“There is a trouble there” said Alfred, thoughtfully; “there’s no doubt that our system is a difficult one to train children under. It gives too free scope to the passions, altogether, which, in our climate, are hot enough. I find trouble with Henrique. The boy is generous and warm-hearted, but a perfect fire-cracker when excited. I believe I shall send him North for his education, where obedience is more fashionable, and where he will associate more with equals, and less with dependents.”
“Since training children is the staple work of the human race,” said Augustine, “I should think it something of a consideration that our system does not work well there.”
“It does not for some things,” said Alfred; “for others, again, it does. It makes boys manly and courageous; and the very vices of an abject race tend to strengthen in them the opposite virtues. I think Henrique, now, has a keener sense of the beauty of truth, from seeing lying and deception the universal badge of slavery.”
“A Christian-like view of the subject, certainly!” said Augustine.
“It’s true, Christian-like or not; and is about as Christian-like as most other things in the world,” said Alfred.
“That may be,” said St. Clare.
“Well, there’s no use in talking, Augustine. I believe we’ve been round and round this old track five hundred times, more or less. What do you say to a game of backgammon?”
The two brothers ran up the verandah steps, and were soon seated at a light bamboo stand, with the backgammon-board between them. As they were setting their men, Alfred said,
“I tell you, Augustine, if I thought as you do, I should do something.”
“I dare say you would,—you are one of the doing sort,—but what?”
“Why, elevate your own servants, for a specimen,” said Alfred, with a half-scornful smile.
“You might as well set Mount Ætna on them flat, and tell them to stand up under it, as tell me to elevate my servants under all the superincumbent mass of society upon them. One man can do nothing, against the whole action of a community. Education, to do anything, must be a state education; or there must be enough agreed in it to make a current.”
“You take the first throw,” said Alfred; and the brothers were soon lost in the game, and heard no more till the scraping of horses’ feet was heard under the verandah.
“There come the children,” said Augustine, rising. “Look here, Alf! Did you ever see anything so beautiful?” And, in truth, it was a beautiful sight. Henrique, with his bold brow, and dark, glossy curls, and glowing cheek, was laughing gayly as he bent towards his fair cousin, as they came on. She was dressed in a blue riding dress, with a cap of the same color. Exercise had given a brilliant hue to her cheeks, and heightened the effect of her singularly transparent skin, and golden hair.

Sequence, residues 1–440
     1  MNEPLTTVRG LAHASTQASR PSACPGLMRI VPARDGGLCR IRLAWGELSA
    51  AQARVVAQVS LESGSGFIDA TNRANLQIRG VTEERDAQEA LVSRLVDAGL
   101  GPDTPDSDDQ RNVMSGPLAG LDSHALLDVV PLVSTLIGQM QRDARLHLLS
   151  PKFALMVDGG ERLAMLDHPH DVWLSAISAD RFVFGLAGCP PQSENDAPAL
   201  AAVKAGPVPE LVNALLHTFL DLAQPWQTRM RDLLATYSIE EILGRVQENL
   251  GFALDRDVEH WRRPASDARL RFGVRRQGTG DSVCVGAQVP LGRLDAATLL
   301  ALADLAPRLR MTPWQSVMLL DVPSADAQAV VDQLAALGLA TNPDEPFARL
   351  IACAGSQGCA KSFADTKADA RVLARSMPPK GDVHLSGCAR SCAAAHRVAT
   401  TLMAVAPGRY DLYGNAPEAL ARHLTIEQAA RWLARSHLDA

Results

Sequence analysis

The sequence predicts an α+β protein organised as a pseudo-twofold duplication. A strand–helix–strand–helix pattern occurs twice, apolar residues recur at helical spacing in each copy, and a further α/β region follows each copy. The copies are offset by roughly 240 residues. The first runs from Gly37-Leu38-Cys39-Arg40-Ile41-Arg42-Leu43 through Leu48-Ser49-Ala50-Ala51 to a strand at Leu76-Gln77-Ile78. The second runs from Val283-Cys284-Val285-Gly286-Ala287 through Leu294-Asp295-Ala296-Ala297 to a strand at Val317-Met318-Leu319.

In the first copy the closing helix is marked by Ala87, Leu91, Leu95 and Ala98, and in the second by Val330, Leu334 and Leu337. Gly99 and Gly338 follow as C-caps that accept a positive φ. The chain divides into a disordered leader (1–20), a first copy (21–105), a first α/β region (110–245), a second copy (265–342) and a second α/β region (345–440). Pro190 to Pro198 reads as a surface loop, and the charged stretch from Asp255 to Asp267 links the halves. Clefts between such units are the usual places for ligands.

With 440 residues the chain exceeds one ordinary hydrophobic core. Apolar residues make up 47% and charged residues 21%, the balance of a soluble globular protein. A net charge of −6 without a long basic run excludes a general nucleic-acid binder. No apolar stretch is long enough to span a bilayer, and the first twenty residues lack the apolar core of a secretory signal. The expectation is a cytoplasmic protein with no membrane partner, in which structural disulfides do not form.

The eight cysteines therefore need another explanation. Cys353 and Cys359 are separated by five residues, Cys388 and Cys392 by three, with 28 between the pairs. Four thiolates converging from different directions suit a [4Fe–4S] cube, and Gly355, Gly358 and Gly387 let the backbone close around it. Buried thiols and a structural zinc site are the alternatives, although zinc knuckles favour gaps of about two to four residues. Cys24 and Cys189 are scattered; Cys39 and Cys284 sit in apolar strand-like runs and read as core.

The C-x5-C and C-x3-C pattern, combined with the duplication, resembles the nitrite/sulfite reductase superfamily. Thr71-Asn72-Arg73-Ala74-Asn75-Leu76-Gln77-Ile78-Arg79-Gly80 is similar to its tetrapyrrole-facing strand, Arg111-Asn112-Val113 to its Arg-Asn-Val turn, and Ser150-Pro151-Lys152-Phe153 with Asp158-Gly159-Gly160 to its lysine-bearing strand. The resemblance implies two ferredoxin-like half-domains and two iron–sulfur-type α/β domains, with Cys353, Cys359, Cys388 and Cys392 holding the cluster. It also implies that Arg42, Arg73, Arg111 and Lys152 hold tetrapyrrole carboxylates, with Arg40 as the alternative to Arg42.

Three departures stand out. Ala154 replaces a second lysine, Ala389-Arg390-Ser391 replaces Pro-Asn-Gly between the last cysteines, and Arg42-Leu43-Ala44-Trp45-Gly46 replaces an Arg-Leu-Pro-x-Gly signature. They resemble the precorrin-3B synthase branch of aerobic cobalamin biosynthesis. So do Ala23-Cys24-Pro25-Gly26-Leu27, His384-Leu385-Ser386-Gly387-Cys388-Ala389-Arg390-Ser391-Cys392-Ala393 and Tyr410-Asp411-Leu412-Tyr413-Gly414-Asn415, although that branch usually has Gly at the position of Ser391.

“Good heavens! what perfectly dazzling beauty!” said Alfred. “I tell you, Auguste, won’t she make some hearts ache, one of these days?”
“She will, too truly,—God knows I’m afraid so!” said St. Clare, in a tone of sudden bitterness, as he hurried down to take her off her horse.
“Eva darling! you’re not much tired?” he said, as he clasped her in his arms.
“No, papa,” said the child; but her short, hard breathing alarmed her father.
“How could you ride so fast, dear?—you know it’s bad for you.”
“I felt so well, papa, and liked it so much, I forgot.”
St. Clare carried her in his arms into the parlor, and laid her on the sofa.
“Henrique, you must be careful of Eva,” said he; “you mustn’t ride fast with her.”
“I’ll take her under my care,” said Henrique, seating himself by the sofa, and taking Eva’s hand.
Eva soon found herself much better. Her father and uncle resumed their game, and the children were left together.
“Do you know, Eva, I’m sorry papa is only going to stay two days here, and then I shan’t see you again for ever so long! If I stay with you, I’d try to be good, and not be cross to Dodo, and so on. I don’t mean to treat Dodo ill; but, you know, I’ve got such a quick temper. I’m not really bad to him, though. I give him a picayune, now and then; and you see he dresses well. I think, on the whole, Dodo ’s pretty well off.”
“Would you think you were well off, if there were not one creature in the world near you to love you?”
“I?—Well, of course not.”
“And you have taken Dodo away from all the friends he ever had, and now he has not a creature to love him;—nobody can be good that way.”
“Well, I can’t help it, as I know of. I can’t get his mother and I can’t love him myself, nor anybody else, as I know of.”
“Why can’t you?” said Eva.
“Love Dodo! Why, Eva, you wouldn’t have me! I may like him well enough; but you don’t love your servants.”
“I do, indeed.”
“Don’t the Bible say we must love everybody?”
“O, the Bible! To be sure, it says a great many such things; but, then, nobody ever thinks of doing them,—you know, Eva, nobody does.”
Eva did not speak; her eyes were fixed and thoughtful for a few moments.
“At any rate,” she said, “dear Cousin, do love poor Dodo, and be kind to him, for my sake!”
“I could love anything, for your sake, dear Cousin; for I really think you are the loveliest creature that I ever saw!” And Henrique spoke with an earnestness that flushed his handsome face. Eva received it with perfect simplicity, without even a change of feature; merely saying, “I’m glad you feel so, dear Henrique! I hope you will remember.”
The dinner-bell put an end to the interview.